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All About Crochet Hook Sizes

When you’re new to crochet, crochet hook sizes can leave you a wee bit flummoxed. If like me, you watch a lot of crocheters on YouTube and you aren’t from the US, you might be wondering why you can’t find a size H or M hook in your local shops.

Don’t worry; I’ve got you covered on all your burning crochet hook size related questions. And, there’s even a nifty printable PDF crochet hook size conversion chart.

Does It Matter What Crochet Hook You Use?

Yes, and no.


If you’re following a pattern and want your project to come out the same, then it’s best to use the hook specified.


If you’re freestyling a project and like the stitch size and look, go with that—I often do this for berets and my take on the Scottish traditional women’s ToS (Tam o Shanter).

But, when you’re using a pattern, and your gauge* isn’t matching the pattern, change your hook size until it does.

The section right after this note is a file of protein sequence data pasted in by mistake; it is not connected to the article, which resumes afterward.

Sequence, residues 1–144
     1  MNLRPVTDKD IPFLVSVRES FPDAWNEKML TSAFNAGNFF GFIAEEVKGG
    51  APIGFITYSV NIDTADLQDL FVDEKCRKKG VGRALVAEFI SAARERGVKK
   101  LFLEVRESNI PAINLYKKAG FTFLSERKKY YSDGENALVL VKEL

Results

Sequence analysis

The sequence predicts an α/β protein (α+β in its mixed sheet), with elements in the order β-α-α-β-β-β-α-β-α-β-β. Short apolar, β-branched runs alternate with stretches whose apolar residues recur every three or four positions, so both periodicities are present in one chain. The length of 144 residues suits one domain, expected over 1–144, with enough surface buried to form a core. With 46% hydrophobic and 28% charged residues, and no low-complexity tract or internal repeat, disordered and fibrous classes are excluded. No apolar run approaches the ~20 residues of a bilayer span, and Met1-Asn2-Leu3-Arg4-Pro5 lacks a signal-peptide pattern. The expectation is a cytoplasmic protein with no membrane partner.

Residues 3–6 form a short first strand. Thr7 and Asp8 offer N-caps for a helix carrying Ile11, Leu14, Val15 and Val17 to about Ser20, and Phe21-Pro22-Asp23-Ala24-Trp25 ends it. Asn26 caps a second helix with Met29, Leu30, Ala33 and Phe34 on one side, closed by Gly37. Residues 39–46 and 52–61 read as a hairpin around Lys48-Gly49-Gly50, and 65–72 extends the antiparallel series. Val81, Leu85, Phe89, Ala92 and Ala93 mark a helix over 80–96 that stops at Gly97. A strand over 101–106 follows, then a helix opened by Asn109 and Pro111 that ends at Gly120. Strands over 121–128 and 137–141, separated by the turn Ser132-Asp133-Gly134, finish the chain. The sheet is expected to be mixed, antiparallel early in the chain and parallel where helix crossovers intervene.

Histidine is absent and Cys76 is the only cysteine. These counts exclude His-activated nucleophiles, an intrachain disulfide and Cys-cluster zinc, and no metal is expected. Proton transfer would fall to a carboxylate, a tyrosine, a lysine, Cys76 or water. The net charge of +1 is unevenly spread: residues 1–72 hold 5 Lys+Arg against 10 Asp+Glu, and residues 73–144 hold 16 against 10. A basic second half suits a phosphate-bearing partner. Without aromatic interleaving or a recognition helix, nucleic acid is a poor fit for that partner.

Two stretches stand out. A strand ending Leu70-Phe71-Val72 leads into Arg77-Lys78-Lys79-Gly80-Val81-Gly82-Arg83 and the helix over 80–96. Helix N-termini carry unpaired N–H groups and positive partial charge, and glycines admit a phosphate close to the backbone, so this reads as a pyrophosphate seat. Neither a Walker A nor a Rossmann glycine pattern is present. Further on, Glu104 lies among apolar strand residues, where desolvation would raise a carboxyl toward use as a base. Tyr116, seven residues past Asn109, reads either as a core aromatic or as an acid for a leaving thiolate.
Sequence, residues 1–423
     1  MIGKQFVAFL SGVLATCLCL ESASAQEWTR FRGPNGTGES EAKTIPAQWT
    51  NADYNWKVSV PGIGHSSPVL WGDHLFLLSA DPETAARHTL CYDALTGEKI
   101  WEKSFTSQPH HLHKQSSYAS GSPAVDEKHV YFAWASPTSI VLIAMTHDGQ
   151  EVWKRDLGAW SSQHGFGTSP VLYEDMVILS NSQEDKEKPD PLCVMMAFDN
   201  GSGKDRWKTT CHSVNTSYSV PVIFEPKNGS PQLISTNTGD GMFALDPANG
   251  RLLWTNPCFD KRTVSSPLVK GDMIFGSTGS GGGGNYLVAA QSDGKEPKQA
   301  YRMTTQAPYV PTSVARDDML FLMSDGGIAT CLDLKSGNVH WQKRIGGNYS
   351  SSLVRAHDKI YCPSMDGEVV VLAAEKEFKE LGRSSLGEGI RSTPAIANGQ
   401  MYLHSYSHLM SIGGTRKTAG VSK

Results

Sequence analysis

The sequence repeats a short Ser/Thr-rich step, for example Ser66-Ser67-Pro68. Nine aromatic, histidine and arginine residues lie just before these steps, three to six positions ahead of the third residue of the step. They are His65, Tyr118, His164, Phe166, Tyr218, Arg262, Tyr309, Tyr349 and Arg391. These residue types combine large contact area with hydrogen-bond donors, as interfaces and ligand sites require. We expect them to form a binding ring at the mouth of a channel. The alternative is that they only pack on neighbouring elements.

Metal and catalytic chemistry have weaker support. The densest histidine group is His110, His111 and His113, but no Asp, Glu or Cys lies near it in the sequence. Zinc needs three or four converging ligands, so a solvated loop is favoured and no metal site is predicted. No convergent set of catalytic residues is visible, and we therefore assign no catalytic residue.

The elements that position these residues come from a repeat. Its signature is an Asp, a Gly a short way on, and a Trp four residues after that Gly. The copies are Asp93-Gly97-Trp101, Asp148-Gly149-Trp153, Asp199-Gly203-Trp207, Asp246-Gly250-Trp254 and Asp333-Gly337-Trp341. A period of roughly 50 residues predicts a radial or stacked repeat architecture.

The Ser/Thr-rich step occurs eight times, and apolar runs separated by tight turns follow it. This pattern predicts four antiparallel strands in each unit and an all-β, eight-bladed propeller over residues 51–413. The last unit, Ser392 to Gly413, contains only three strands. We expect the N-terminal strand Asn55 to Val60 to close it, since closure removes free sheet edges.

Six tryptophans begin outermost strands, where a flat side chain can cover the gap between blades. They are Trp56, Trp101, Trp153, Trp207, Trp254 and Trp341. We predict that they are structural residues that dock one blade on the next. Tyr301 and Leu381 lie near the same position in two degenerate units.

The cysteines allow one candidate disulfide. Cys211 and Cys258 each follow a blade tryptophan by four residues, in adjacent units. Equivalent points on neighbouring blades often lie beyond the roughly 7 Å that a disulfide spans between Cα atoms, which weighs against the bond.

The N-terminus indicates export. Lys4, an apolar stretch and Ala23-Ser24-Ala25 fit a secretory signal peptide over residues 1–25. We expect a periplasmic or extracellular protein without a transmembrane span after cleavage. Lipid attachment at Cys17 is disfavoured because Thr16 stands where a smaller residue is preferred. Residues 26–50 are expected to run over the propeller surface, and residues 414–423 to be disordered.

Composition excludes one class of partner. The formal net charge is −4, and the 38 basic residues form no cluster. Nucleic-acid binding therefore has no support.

*Gauge is a 10cm by 10cm swatch of stitches specified in a pattern that you produce before working the actual piece. Look at it as a form of practice to help you tune into the correct tension so that your finished project is as close to that of the designer’s.

What Happens If You Use A Larger Hook?

Your stitches become larger, looser, and not as defined. The resulting item would be larger than if you’d used the smaller hook specified in the pattern.

Does Using A Larger Hook Use Less Yarn?

Yes, it does. And it can be a real project saver if you know you don’t have enough of a specific yarn in your stash.

What Do Letters On Crochet Hooks Mean?

These letters are the American sizes. Other parts of the world use mm (like Australia, New Zealand, the countries of the UK and the EU), and Canada uses the imperial numbering. At one point, the UK used the imperial system, but that hasn’t been the case for donkey’s years.

Printable Crochet Hook Size Conversion Chart (PDF)


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